Metabolic Acidosis – Laboratory Diagnostics

by Carlo Raj, MD

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    00:00 Let's continue.

    00:02 Well, where we are here with the metabolic acidosis, after calculating our anion gap, will be – whether it's anion gap or non-anon gap. What does that even mean? Well, you calculate your anion gap and you find your sodium minus your anions.

    00:20 What are they again? Bicarbonchloride.

    00:22 And say that you find your anion gap to be above 12 and say that it's 25, there is a very interesting mnemonic that comes into play and comes in quite handy, it's called MUDPILES.

    00:32 And this will be methanol, formic acid.

    00:34 You're worried about if it's untreated, worried about blindness. Do not forget that.

    00:38 Formic acid a metabolite of your methanol responsible for blindness if untreated. Uremia.

    00:44 What does that mean to you? A renal failure.

    00:47 You're going to be accumulating acid – metabolic acidosis, DKA; diabetic ketoacidosis.

    00:54 You are increasing the production of ketones like crazy. β-Hydroxybutyric acid, acetone, ascetic acid.

    01:02 P, we have propytene glycol. Iron tablets or INH for I. Lactic acidosis.

    01:11 Ethylene glycol which is a component that may be found with antifreeze. And then salicylates.

    01:18 So now be careful. So salicylates, when did you last see salicylate? In the previous discussion, you saw salicylates.

    01:27 Let me bring this to your attention. Under respiratory alkalosis which means that early on with salicylate, it stimulates the respiratory center and then ended up what? With respiratory alkalosis.

    01:39 What category am I in here? This is metabolic acidosis. At some point what is salicylate? It's an acid that you're ingesting.

    01:48 So you end up having within this metabolic acidosis anion gap type.

    01:52 The non-anion gap metabolic acidosis, we'll call that normal would be, well, you take a look at the mnemonic.

    02:00 I'm gonna refrain from saying it. H- hyperalimentation.

    02:05 A- Addison's disease. R- renal tubular acidosis. Which ones do you wanna know? One, two, four. Which one is a severe normal anion gap metabolic acidosis of the three? Type I, type I, type I.

    02:23 Take a look at Addison's. What's that mean? Oh no, I don't have enough aldosterone.

    02:27 So therefore I'm holding onto my hydrogen. Welcome to normal anion gap, metabolic acidosis.

    02:34 Acetezolamide can actually be a part of what? What do you mean could be part of what? Acetazolamide does what? And if it's carbonic anhydrase, where are you? In your nephron.

    02:44 In the proximal convoluted tubule.

    02:46 If you knock out that carbon – carbonic anhydrase in the proximal convoluted tubule, you are unable to reabsorb bicarb. What kind of RTA or renal tubular acidosis would this be? Type I, type II or type IV? Remember that little clue that I gave you.

    03:02 You need two lines to create an X so therefore this would be type II.

    03:07 Spinorolactone and Addison's have something in common. What is that? The fact that aldosterone doesn't function properly.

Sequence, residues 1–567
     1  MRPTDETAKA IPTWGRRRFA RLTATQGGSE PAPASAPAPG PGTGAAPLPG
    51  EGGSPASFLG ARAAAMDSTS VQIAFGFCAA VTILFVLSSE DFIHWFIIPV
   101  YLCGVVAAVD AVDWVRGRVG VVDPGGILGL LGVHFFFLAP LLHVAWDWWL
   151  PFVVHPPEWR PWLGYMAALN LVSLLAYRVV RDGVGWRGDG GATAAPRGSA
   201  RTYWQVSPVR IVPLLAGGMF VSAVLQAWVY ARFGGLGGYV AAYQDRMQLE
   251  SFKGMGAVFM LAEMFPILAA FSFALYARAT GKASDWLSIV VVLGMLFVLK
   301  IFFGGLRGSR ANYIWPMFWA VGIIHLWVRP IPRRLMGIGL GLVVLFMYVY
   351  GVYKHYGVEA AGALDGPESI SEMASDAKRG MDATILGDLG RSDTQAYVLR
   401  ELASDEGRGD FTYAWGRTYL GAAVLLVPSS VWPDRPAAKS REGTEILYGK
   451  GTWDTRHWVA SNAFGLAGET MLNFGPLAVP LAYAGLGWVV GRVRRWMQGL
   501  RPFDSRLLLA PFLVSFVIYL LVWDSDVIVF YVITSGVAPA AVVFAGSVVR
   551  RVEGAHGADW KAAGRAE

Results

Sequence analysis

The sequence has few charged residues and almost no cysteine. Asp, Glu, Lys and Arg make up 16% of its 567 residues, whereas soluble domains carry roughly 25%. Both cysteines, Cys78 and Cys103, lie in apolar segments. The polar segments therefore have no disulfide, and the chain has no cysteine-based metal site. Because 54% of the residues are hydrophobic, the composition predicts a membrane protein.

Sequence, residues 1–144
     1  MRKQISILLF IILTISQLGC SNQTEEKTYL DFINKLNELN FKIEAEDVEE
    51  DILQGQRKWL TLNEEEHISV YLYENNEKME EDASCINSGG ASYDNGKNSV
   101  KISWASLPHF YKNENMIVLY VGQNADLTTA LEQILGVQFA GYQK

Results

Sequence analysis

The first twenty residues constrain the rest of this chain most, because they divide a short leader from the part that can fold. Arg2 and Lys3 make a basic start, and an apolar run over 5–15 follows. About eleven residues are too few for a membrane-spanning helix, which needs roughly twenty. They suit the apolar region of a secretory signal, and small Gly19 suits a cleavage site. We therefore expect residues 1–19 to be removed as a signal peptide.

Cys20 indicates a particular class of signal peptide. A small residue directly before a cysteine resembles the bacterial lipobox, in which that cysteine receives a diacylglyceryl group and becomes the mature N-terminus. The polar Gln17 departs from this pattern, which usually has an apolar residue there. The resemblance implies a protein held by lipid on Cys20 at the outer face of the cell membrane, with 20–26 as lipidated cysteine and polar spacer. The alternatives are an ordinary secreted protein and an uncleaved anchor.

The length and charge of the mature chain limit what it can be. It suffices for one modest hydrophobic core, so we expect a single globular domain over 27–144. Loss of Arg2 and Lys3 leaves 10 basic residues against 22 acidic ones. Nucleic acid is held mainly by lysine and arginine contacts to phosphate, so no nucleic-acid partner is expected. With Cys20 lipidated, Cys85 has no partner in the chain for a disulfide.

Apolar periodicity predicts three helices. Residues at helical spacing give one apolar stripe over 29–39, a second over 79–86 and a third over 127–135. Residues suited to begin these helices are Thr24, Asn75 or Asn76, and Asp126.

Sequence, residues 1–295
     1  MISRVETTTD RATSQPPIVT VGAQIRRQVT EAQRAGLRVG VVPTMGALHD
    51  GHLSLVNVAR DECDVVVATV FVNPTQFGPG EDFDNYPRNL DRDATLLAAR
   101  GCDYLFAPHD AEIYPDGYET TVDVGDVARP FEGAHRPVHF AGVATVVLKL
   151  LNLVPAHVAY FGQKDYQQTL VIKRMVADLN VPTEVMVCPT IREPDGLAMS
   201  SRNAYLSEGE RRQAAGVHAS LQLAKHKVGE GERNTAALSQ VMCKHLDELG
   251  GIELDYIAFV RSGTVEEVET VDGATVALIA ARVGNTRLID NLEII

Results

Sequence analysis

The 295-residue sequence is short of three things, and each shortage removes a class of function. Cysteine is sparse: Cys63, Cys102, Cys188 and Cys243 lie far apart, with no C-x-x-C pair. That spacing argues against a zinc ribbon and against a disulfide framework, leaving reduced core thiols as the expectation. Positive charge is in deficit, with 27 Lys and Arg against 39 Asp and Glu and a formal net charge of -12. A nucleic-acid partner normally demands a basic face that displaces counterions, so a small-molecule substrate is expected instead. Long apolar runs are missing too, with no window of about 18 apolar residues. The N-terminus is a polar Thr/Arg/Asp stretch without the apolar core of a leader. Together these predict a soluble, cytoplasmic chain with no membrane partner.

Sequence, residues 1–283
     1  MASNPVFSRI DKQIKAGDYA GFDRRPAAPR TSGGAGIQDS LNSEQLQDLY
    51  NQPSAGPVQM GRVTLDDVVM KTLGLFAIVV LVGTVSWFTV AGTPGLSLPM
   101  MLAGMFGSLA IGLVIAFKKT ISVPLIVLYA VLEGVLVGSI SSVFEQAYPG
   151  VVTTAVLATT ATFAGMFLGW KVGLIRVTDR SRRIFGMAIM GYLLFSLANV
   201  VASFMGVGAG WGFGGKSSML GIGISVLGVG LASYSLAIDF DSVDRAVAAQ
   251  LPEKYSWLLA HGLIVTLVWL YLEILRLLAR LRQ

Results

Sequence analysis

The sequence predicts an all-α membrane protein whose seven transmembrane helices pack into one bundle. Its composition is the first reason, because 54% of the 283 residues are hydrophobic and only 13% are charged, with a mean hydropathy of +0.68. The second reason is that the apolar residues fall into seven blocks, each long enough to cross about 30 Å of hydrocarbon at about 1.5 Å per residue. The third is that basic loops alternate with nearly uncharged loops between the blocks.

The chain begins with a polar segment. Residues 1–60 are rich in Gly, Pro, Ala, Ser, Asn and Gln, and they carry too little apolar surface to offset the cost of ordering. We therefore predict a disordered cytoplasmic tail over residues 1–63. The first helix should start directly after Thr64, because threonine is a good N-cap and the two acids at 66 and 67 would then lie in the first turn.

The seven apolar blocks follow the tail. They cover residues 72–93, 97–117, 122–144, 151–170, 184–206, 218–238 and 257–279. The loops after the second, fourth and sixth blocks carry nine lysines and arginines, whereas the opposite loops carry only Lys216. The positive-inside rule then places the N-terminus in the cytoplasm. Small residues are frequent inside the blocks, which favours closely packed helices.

03:14 Either in Addison's it's not being produced at all, in spironolactone you're blocking it.

    03:18 This could – goes back. Once again, we discussed aldosterone in such great detail in nephrology.

    03:24 We talked about how normally it does certain things such as reabsorption of sodium and gets rid of the hydrogen and potassium.

    03:31 If you don't have aldosterone, then please understand that you have metabolic acidosis normal anion gap.

    03:39 Saline infusion it also result in a normal anion gap type of metabolic acidosis.

    03:45 These are important clinical differentiations. What are we referring to? Metabolic acidosis, you tell me about bicarb right now. Good. On the decreased side.

    03:55 And what about your carbon dioxide? Most likely decreased as well.

    03:59 Let me give you another point. When you find carbon dioxide and bicarb both moving in the same direction, and by that, I mean, here is my bicarb and it's a decrease giving you metabolic acidosis which your only method of compensation – hyperventilation – felt a little dizzy right there.

    04:19 But blowing off carbon dioxide, it's also decreasing and that takes place within minutes.

    04:24 If you get rid of your carbon dioxide, what are you trying to do? Compensate for the acidosis.

    04:28 That should be clear. Understand every single term that I've mentioned there.

    04:33 You may use these mnemonics if it helps you to come up with the two categories of anion gaps.

    About the Lecture

    The lecture Metabolic Acidosis – Laboratory Diagnostics by Carlo Raj, MD is from the course Pulmonary Diagnostics.

    Included Quiz Questions

    1. Formic acid
    2. Oxalic acid
    3. UDP
    4. 5-methyl folate
    5. Salicylate
    1. Ethylene glycol
    2. Propylene glycol
    3. Methanol
    4. Iron tablets
    5. Isoniazid
    1. Type I renal tubular acidosis
    2. Type II renal tubular acidosis
    3. Type III renal tubular acidosis
    4. Type IV renal tubular acidosis
    5. Type V renal tubular acidosis
    1. Spironolactone
    2. Acetazolamide
    3. Saline infusion
    4. Iron tablets
    5. Ethylene glycol

    Author of lecture Metabolic Acidosis – Laboratory Diagnostics

     Carlo Raj, MD

    Carlo Raj, MD

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    By Suz B. on 03. February 2020 for Metabolic Acidosis – Laboratory Diagnostics

    Great explanation, details, logarithms and discussion. Great lecturer, thanks Dr Raj